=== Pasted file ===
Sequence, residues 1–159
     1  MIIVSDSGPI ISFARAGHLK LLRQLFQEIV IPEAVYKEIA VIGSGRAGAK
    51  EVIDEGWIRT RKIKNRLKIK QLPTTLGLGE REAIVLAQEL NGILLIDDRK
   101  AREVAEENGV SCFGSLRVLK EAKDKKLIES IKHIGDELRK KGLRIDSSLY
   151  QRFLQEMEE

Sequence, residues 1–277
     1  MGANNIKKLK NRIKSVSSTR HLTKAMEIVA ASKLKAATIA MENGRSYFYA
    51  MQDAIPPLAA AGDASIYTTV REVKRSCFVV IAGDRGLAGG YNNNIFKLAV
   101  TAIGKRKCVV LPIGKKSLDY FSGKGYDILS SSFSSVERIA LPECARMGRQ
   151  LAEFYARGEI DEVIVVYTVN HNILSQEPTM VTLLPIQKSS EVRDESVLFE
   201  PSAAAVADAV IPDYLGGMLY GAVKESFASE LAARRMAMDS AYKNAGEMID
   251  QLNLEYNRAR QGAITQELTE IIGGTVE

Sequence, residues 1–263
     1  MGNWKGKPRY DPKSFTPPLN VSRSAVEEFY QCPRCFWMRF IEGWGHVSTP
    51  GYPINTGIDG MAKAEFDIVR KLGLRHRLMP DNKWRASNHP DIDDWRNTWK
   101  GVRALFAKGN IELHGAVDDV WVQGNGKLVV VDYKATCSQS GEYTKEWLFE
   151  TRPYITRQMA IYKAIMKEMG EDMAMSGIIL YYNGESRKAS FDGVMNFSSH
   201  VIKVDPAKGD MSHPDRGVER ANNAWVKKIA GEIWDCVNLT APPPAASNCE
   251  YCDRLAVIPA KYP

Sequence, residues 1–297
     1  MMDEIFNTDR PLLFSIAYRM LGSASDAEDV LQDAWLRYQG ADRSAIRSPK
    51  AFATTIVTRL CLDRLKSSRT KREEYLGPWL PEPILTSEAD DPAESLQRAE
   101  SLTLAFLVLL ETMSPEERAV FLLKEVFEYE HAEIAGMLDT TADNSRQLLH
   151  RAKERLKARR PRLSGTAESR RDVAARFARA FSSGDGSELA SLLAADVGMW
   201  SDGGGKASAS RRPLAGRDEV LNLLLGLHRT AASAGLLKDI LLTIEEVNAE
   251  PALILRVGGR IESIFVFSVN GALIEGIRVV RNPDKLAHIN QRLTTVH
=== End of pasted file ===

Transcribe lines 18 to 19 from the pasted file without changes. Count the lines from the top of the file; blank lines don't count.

   201  VIKVDPAKGD MSHPDRGVER ANNAWVKKIA GEIWDCVNLT APPPAASNCE
   251  YCDRLAVIPA KYP